Later in chapter three we are reminded about making charms and then walked through some of the main ingredients used throughout the book. Some of these ingredients include. Lemon, Rosemary, Olive Oil and Vinegar to name a few. Finally no introductory chapter on the basics would be complete without a walkthrough on making your own herb infused oils. 

The real meat of the book begins in chapter four with the Threshold. Through exercises, spells, and rituals we are guiding into first protecting our home. From keeping your place clean to creating talismans for your door our guide Raechel always keeps Hestia first in every practice. 

Regardless of which room we are focused on It is Hestia who remains ever present throughout the book. As she is the deity of the home we begin to see why working with her in such a situation is ideal for any practitioner regardless of the deities they typically work with. 

 
 
The Magic You Could Learn

From the very beginning of the book we are learning. Whether it is the mythos of Hestia or guided exercises in developing a practice in one’s home, the lessons are plentiful throughout. This book is filled with lists of correspondences and recipes for incense blends, oils, self care products, and even edible magick. 

Any Witch reading this book will become educated on consecrating their cookbook, creating cleaning products, and working with the typical items found in the home to make a magickal space that feels inviting and safe. 

The book rounds everything up by helping the readers create their own personal wheel of the year that breaks tradition from the typical holidays that we in the Witching and modern world are accustomed to. We are led to identify what is important to us in each season and then focus on those things in our own personal timing.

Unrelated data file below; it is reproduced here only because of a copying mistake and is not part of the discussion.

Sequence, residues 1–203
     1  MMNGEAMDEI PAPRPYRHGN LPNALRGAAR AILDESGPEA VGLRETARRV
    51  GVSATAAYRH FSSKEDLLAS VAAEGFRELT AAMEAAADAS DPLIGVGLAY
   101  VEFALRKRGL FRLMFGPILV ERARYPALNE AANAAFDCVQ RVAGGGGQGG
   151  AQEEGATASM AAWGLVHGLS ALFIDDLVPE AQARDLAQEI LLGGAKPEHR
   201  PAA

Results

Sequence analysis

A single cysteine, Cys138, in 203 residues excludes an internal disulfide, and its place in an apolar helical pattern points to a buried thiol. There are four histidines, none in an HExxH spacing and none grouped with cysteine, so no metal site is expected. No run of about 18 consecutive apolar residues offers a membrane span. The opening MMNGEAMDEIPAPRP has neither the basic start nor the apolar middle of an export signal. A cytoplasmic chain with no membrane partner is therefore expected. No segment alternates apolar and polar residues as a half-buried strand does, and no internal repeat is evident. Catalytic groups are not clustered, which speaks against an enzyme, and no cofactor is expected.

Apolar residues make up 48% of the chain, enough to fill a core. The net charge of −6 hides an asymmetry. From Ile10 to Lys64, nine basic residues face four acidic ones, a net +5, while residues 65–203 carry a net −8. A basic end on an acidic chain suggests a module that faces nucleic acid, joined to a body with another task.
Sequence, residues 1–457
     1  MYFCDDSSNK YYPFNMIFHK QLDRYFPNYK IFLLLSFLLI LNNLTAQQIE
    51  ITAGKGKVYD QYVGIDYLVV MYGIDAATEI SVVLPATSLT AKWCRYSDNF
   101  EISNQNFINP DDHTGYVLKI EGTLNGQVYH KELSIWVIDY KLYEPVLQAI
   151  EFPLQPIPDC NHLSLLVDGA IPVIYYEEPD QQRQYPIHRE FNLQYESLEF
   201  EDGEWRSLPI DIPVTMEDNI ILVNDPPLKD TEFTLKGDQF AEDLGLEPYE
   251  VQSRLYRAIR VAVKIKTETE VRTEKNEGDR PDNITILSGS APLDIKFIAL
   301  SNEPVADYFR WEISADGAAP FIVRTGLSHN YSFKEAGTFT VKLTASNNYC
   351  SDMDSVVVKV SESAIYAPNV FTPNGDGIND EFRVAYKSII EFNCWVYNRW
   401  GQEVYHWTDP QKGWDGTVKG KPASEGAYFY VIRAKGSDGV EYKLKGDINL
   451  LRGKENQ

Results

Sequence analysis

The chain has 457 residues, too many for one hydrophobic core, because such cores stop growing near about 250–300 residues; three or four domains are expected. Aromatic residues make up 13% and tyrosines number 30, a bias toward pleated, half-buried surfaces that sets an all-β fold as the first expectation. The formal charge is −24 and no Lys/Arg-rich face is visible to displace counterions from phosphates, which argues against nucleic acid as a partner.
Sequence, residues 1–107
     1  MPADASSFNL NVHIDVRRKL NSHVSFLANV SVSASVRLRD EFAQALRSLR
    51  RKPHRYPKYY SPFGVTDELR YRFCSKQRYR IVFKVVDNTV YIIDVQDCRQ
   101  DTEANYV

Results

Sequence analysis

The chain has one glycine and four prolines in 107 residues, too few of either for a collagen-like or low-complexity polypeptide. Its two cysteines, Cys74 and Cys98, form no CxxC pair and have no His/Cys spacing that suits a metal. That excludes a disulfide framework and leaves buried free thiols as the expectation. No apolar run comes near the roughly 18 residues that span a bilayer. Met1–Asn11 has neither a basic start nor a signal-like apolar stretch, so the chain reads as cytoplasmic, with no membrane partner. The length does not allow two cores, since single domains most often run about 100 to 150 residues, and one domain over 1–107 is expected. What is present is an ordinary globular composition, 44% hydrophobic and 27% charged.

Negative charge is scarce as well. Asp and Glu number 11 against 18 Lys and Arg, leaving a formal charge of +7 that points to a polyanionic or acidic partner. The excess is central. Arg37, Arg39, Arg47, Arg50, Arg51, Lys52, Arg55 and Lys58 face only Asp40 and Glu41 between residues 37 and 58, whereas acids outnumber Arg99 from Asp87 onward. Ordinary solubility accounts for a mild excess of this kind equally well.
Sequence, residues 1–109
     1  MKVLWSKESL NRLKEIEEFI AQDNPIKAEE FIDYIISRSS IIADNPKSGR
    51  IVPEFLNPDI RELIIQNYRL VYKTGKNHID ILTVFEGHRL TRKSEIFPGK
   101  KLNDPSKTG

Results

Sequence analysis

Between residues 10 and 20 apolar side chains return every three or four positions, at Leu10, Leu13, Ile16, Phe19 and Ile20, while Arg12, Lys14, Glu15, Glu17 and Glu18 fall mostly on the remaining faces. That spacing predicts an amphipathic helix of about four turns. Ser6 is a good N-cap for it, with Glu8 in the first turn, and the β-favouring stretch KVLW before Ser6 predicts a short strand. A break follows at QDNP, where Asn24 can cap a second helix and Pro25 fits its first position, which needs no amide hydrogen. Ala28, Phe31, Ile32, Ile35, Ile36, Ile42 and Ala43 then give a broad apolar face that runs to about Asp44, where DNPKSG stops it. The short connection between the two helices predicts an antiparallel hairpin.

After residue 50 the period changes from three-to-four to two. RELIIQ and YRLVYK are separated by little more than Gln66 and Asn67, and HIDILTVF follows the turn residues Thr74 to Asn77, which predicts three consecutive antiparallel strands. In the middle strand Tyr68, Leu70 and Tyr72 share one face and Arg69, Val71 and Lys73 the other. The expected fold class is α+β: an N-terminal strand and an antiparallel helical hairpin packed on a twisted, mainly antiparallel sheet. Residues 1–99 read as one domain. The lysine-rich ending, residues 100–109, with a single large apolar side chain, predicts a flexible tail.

Finally one will learn about connecting the world around them. This is not about the world at large but rather your environment. What grows near you. What exists within your realm of existence. By doing so we are invited to personalize our magick and not pull from traditions that are foreign to us but what is already a part of our lives. 

The Scent of Lemon & Rosemary: Working Domestic Magick with Hestia by Raechel Henderson can be purchased here

About Vincent Higginbotham 

Vincent is the author of How Witchcraft Saved My Life: Practical Advice for Transformative Magick which is published by Llewellyn Worldwide and will be released in June 2021. It is available for pre-order now. He has been called to Witchcraft his entire life but failed to pay attention for much longer than he would like to admit. Since truly taking this path seriously he has found his hunger for education is insatiable, he consumes books in an attempt to quench a thirst for knowledge. It is never enough. There is no subject Vincent finds taboo and he believes that every Witch’s voice is deserving of an audience.